Thursday, 23 November 2017

Children and Nature

I talked last week about how children used to roam widely, and now tend to stay at home -- a trend that probably contributes to the rise in obesity and mental illnesses among young people. The fact that children stay home so much also means that they have little contact with Nature, that connection that keeps us grounded and healthy, and allows us to care about the world around us.

In his book “Last Child in the Woods” and “The Nature Principle,” US author Richard Louv coined the phrase “Nature-deficit disorder,” which comes from children no longer exploring woods or bogs and having adventures. Children who are obsessed with computer games or driven from sport to sport, Louv maintains, miss the restorative effects that come with the nimbler bodies and sharper senses that are developed during random running-around in wild places.

A University of Illinois study found that children with the symptoms of attention-deficit disorder were brought into the woods for a short time, and showed a marked decrease in their symptoms.
Drug companies will no doubt make billions prescribing medicines for problems that could be fixed by a walk in the woods.

“If when we were young, we tramped through forests of Nebraska cottonwoods, or raised pigeons on a rooftop in Queens, or fished for Ozark bluegills, or felt the swell of a wave that travelled a thousand miles before lifting our boat, then we were bound to the natural world and remain so today,” Louv wrote in The Nature Principle. “Nature still informs our years, lifts us, carries us. For children Nature comes in many forms – a newborn calf, a pet that lives and dies, a worn path through the woods, a fort nested in stinging nettles, a damp mysterious edge of a vacant lot. Whatever form Nature takes it offers each child a taste of an older, larger world, separate from parents. Unlike television, Nature does not steal time, but amplifies it.”

In a recent talk, Louv pointed out that we’re all still hunters and gatherers biologically, and there is something in us that needs to see Nature and be around it -- but many of us deal with it no more than we have to. He tells the story of going to a Nature preserve near where he lives with gang members from San Diego; they were big tough guys, he said, but they were scared – one said that there were two or three sounds in his neighbourhood and he knew what all the sounds meant. Here in the woods, he said, there were dozens of sounds, and he didn’t know what any meant.

Louv says that while Nature can be dangerous, we have to let kids experiment with that danger -- within reason -- and learn from it. A child who grows up never experiencing any danger is a child that doesn’t feel boundaries in the world, save those set by authorities.

When a child experiences Nature, they grow up to care more about protecting the environment, according to a new Cornell University study. The study published in the journal Children, Youth and Environment, found that while gardening helps kids care about the natural world, it doesn’t have as strong an impact as camping, playing in the woods, hiking, walking and fishing.

In such places, children create their own adventures, from toddlers pulling up rocks and seeing the creeping things underneath to the boys jumping over creeks, telling ghost stories and searching the lake for pirates. In the minds of children the most meagre and scruffy of woodlands can become a place of adventure, a chance to test their bravery and skills, a secret and dangerous place to gather with other children. A patch of land that most developers would consider useless and unproductive, will instead produce the best memories of childhood, if we let it.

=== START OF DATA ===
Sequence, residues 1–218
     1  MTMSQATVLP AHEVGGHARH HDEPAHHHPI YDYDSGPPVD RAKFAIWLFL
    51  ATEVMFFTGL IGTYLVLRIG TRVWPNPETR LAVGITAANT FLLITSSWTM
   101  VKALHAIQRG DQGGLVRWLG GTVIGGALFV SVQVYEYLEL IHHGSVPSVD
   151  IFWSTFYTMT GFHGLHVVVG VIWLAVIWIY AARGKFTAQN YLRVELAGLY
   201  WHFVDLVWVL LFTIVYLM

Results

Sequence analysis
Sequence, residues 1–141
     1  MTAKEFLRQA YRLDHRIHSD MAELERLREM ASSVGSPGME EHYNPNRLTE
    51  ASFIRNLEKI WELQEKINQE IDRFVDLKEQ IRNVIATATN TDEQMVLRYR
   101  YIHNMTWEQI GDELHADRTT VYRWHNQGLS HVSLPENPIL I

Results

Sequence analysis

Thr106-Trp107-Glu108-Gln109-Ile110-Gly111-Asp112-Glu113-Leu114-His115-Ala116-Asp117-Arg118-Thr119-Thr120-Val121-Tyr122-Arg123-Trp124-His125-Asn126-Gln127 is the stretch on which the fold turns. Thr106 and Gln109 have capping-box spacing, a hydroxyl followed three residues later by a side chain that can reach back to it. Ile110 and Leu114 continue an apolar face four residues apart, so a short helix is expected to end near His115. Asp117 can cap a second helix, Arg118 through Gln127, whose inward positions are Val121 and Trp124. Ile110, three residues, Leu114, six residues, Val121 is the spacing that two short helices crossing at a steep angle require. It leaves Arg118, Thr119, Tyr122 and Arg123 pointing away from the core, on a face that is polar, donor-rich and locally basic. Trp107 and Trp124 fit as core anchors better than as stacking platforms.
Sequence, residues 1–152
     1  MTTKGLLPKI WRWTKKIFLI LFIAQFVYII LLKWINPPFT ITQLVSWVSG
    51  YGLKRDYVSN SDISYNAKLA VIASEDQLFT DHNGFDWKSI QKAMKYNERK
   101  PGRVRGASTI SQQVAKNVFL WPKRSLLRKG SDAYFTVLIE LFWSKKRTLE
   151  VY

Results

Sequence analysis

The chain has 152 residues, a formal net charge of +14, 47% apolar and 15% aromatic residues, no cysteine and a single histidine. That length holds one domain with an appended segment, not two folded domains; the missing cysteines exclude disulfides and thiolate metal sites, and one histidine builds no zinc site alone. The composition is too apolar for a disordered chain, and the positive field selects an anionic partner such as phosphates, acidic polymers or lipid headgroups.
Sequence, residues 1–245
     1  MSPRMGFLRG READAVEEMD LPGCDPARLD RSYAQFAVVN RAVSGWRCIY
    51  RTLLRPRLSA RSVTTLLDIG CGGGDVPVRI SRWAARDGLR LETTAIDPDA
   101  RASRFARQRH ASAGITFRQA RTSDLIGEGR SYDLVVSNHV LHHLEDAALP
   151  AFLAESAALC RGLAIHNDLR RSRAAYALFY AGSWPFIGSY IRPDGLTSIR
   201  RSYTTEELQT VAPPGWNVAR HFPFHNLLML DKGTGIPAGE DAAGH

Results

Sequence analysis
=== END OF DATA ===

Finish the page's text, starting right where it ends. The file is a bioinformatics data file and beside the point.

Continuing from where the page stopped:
In this age, people are more separated from the natural world than ever, and transforming it more than any society before us. Of course we can work to conserve energy, use less and defend our lands and the things on them, but there is one, more fundamental thing we need: to understand why these things are valuable, and worth preserving.

Friday, 10 November 2017

Letting children roam

Published this week in the Kildare Nationalist.

When I talk to my elderly neighbours, or read interviews with people from earlier eras, one of the things that most comes through about their childhoods, and seems dramatically different than the way children are raised today, is how far and freely they roamed. Unlike most modern children, they did not spend most of their time indoors watching television or playing video games, or following one adult-led activity after another.

Rather, most described roaming several miles from home in a day, exploring the far corners of their world. They ambled over fields and mountains, woods and bogs, climbing trees, swimming in streams and ponds, and drying their clothes on branches. They searched in the hedges for birds’ nests, through the underbrush for mushrooms and snails, let millipedes and ladybirds crawl on their hands, and peered in the holes of hedgehogs and badgers. By their recollections, they spend nearly all day in some vital physical activity, and learned to be creative, solve problems and find our way out of trouble.

Of course, some children in earlier eras inevitably got into mischief; I have on my shelf a 19th-century garden book that lists among the many garden pests, between boll weevils and butterflies, “boys.” If your garden has an infestation of boys, it notes drily, some aggressive dogs might be just the thing.

 “The only rule was to be home by dinner time,” Tracy Gillett wrote of her father’s upbringing. “My Grandma rarely knew exactly where her kids were. They were off building forts, making bows and arrows, collecting bruises and bloody knees and having the time of their lives. They were immersed in childhood.”